Edinburgh Fringe 2019
“The hilarious misadventures of three eccentric and lovable anti-heroes crammed in their wacky rooftop bedsits. The funniest show in Europe comes to Edinburgh after a sell-out tour. Molière Award for Best Comedy Play. Physical comedy extravaganza! Paper-thin walls barely separate three neighbours who strike up unlikely and moving friendships.”
Three contrasting flats and their inhabitant’s lives unfold in the cramped top floor of a building. The prominent set is colourful and immediately draws interest. In the centre is a cluttered kitchen with stuff everywhere. There are cardboard boxes outside in the landing outside the front door, making it difficult to move. To the left is a clinical white flat with minimal everything, except for bathroom facilities.
One of the tenants arrives with a bag of groceries from a supermarket. He lives in the kitchen flat and knows exactly how to manoeuvre through the small space. A neighbour arrives and enters the streamlined white flat and what follows is nothing short of a series of funny mishaps and situations with expert timing and reactions from both actors. There is a fascinating running gag with a flimsy cupboard and biscuits between these two characters.
After a while, the third tenant arrives, she lives in the bright pink stylish flat on the right and her lifestyle is very different. She adds a new element to this microcosm of urban life. The woman has an interesting occupation and is as quirky as the other two characters, in her own stylish way.
All characters are silent and are very effective physical actors. They communicate with body language, mime and use of clever props, which yields unusual choices and situations. Music and sound effects underscore some of the piece and sets the tone and atmosphere effectively. Zippy music plays in between scenes!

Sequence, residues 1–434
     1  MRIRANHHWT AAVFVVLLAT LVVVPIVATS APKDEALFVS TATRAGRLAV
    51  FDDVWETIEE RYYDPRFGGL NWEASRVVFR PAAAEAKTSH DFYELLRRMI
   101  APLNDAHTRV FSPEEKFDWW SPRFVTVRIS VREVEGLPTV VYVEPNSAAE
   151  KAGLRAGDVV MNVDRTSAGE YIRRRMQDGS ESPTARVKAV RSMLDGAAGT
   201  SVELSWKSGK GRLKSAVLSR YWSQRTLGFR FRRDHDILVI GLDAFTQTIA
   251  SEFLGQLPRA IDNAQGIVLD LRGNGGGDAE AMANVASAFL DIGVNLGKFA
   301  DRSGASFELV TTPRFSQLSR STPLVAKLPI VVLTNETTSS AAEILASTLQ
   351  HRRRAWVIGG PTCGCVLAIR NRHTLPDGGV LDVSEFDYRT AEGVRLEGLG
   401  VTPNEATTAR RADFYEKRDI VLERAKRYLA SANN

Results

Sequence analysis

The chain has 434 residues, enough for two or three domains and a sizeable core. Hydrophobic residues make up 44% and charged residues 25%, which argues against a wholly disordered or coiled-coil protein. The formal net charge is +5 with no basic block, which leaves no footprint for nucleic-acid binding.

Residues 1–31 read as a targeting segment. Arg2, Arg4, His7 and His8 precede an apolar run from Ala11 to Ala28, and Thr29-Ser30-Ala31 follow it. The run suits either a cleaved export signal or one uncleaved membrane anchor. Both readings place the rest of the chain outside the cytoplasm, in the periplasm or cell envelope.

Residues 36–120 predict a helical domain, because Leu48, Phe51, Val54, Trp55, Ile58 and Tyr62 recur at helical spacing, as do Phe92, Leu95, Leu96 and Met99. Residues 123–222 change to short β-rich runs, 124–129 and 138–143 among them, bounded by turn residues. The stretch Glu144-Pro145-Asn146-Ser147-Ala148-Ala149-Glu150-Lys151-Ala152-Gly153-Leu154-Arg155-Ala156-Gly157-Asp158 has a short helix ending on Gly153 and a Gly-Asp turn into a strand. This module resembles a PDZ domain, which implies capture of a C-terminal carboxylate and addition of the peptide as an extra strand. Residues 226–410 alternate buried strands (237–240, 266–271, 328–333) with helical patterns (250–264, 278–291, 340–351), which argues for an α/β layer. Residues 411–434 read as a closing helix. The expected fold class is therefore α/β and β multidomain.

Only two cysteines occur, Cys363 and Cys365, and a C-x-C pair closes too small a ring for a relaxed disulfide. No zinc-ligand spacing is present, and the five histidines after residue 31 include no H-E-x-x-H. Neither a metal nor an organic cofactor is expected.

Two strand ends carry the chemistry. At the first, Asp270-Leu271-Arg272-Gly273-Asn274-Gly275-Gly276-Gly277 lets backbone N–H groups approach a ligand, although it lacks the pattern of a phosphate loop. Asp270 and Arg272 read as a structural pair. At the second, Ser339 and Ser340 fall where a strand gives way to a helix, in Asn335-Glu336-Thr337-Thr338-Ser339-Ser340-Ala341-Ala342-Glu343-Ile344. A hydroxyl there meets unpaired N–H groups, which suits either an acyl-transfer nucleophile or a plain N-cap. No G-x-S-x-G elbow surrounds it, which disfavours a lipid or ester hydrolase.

The physical storytelling revolves around a series of scenes separated by a very brief blackout. The timeline shifts and we see the development of friendships, familiarity, the highs and the lows of three different personalities as time passes.
Things happen to them innocently – someone looks out of a window, opens a cupboard door, has their hair done – and they get in a pickle. The situation comedy is vibrant and creative replete with sight gags and inventive props.
One very successful longer section set to underscored music shows daily life on this top floor, as the three go about their regular business, come and go, interact, meet up at the top of the stairs, chat outside each other’s flat, then their lives intertwine, which adds depth to the storytelling. At seventy-five minutes the show is substantial yet the play sustains itself due to the myriad bits and short scenes that work very well.
What makes this show so effective is that the contrast between each character is well defined, the crafting of the scenes and props is meticulously times and the visual storytelling is clear and always interesting and the outstanding set is a star! Once or twice the visual humour pushes the limits, but it is all in good fun!
The show is witty, wry, slapstick, funny, well performed by three physical actors and very entertaining!